Architectural Theory 

On December 7, 1941, the Japanese attacked the American Naval Base in Pearl Harbor, Hawaii. Thousands of Americans were killed or wounded in an attack that led Congress to declare war on Japan the next day. All 8 battleships of the U.S. Pacific Fleet were sunk or badly damaged in the attacks, including The Battleship Oklahoma (BB-37). It was the only ship without a memorial to honor the 429 sailors and marines killed during the attack and the remains of the 429 were buried in unmarked mass graves. Beck Design is honored to have had the opportunity to design the USS Oklahoma Memorial at Pearl Harbor.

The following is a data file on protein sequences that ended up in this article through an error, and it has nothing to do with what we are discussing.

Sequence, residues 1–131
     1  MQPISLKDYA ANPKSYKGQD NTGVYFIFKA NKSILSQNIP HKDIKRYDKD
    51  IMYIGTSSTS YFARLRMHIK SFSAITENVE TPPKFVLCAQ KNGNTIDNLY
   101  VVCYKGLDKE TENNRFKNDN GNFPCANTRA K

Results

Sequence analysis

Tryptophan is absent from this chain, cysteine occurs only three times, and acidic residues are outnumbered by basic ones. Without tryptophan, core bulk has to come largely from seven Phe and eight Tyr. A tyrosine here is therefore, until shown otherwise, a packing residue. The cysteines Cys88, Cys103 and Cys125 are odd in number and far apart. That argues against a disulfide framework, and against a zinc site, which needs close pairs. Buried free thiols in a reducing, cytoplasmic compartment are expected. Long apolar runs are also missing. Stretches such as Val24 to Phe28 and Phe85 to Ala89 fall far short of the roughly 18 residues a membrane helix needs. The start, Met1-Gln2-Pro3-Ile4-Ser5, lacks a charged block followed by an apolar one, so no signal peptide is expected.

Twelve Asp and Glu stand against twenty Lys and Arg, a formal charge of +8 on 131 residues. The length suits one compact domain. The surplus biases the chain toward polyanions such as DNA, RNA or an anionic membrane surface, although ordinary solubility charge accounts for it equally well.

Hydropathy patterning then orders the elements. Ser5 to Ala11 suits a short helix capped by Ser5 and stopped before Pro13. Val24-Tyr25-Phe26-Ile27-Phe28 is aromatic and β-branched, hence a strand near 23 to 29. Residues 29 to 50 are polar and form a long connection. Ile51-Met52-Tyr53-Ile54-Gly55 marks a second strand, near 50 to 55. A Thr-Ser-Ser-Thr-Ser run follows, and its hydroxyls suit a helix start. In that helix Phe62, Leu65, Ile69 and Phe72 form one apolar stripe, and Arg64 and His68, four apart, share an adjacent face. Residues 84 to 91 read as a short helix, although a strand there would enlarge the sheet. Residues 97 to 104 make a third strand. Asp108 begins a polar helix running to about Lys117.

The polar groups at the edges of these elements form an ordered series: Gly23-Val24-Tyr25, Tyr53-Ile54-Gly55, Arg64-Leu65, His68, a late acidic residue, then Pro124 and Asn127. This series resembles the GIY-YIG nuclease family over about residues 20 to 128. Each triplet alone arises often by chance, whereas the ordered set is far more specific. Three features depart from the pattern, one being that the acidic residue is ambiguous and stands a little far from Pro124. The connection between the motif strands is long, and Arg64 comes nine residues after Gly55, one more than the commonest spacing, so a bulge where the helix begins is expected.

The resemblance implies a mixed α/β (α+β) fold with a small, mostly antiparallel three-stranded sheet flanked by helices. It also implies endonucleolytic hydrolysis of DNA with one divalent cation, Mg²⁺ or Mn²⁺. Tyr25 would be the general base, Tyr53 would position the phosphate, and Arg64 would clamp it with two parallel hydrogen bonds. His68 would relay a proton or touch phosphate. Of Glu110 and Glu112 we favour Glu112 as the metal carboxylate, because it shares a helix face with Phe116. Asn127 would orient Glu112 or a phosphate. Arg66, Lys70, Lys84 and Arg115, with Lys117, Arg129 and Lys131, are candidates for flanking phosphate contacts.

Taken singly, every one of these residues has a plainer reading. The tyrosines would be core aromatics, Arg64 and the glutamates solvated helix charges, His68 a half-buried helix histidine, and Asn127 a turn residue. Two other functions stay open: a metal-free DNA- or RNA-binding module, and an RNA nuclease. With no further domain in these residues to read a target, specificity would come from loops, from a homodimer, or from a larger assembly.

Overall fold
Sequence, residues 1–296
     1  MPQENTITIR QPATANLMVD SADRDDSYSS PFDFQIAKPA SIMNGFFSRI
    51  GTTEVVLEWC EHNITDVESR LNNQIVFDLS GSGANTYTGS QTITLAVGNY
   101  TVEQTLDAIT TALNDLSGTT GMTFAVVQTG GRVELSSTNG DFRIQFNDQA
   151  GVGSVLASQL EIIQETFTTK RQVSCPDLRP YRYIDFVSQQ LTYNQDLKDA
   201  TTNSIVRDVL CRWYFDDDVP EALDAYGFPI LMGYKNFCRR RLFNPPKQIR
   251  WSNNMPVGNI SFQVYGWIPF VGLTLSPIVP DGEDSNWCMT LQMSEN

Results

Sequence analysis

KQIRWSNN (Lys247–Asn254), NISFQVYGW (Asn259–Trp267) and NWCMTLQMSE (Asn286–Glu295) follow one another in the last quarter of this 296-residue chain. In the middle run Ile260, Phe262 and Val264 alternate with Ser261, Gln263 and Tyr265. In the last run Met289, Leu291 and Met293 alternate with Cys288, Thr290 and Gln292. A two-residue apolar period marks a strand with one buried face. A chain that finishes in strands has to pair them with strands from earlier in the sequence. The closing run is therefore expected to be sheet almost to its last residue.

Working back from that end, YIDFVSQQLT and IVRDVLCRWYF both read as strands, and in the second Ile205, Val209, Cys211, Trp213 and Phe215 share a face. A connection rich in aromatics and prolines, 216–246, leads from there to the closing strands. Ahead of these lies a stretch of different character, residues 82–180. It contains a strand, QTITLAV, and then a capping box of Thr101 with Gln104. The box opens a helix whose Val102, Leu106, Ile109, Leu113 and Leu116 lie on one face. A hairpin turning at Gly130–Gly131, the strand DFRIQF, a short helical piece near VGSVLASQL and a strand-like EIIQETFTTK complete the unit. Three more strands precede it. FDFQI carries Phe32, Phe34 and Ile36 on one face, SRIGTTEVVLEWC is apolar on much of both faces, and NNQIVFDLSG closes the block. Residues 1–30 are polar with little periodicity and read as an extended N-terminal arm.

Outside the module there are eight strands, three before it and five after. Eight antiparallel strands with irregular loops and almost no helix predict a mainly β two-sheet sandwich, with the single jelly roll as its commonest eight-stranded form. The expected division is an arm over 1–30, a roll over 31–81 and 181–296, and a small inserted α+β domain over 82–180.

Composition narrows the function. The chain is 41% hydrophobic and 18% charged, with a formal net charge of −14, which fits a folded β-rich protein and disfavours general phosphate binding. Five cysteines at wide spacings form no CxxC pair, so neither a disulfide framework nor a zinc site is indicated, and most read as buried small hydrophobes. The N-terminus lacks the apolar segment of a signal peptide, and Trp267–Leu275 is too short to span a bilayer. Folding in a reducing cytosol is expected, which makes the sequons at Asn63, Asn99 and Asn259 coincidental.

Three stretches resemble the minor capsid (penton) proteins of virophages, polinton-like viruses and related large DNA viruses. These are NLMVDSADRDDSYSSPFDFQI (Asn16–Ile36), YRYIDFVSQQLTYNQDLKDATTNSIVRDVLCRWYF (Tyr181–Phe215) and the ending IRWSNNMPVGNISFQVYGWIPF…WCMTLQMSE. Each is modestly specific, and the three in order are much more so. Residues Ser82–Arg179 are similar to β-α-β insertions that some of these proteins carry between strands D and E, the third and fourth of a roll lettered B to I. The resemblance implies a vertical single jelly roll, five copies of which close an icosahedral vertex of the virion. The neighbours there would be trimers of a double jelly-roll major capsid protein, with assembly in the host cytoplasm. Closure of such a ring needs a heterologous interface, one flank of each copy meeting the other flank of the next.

The architecture assignment: To design a memorial that would provide individual recognition for the 429 who were killed.

The solution: The design concept was derived from the U.S. Navy tradition of "manning the rails". When a navy ship comes home to port after deployment, the crew outlines the ship, standing at attention in dress whites. In keeping with this tradition, the design includes 429 seven foot tall white granite standards, each with the name and rank for every lost serviceman. The gray/black granite represents the hull of the ship and the 429 white standards represent the sailors, coming home for the final time. The standards are shoulder width apart and placed in rows that allow the visitors to walk among them.